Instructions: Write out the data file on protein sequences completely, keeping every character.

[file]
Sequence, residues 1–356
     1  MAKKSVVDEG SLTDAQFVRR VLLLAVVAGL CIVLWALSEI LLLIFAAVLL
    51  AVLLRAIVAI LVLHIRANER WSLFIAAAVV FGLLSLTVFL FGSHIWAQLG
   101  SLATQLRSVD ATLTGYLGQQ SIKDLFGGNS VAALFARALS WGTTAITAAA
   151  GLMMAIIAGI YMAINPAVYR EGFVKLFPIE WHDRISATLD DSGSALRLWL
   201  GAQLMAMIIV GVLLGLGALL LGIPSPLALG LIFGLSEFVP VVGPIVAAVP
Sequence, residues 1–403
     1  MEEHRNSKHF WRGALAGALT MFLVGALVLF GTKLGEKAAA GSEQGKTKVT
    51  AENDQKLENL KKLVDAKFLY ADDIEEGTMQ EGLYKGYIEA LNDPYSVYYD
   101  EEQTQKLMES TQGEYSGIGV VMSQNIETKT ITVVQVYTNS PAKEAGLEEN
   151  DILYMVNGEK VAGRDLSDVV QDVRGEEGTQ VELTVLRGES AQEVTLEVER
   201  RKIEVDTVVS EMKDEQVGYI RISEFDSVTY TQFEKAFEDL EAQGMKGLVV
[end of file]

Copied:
Sequence, residues 1–356
     1  MAKKSVVDEG SLTDAQFVRR VLLLAVVAGL CIVLWALSEI LLLIFAAVLL
    51  AVLLRAIVAI LVLHIRANER WSLFIAAAVV FGLLSLTVFL FGSHIWAQLG
   101  SLATQLRSVD ATLTGYLGQQ SIKDLFGGNS VAALFARALS WGTTAITAAA
   151  GLMMAIIAGI YMAINPAVYR EGFVKLFPIE WHDRISATLD DSGSALRLWL
   201  GAQLMAMIIV GVLLGLGALL LGIPSPLALG LIFGLSEFVP VVGPIVAAVP
Sequence, residues 1–403
     1  MEEHRNSKHF WRGALAGALT MFLVGALVLF GTKLGEKAAA GSEQGKTKVT
    51  AENDQKLENL KKLVDAKFLY ADDIEEGTMQ EGLYKGYIEA LNDPYSVYYD
   101  EEQTQKLMES TQGEYSGIGV VMSQNIETKT ITVVQVYTNS PAKEAGLEEN
   151  DILYMVNGEK VAGRDLSDVV QDVRGEEGTQ VELTVLRGES AQEVTLEVER
   201  RKIEVDTVVS EMKDEQVGYI RISEFDSVTY TQFEKAFEDL EAQGMKGLVV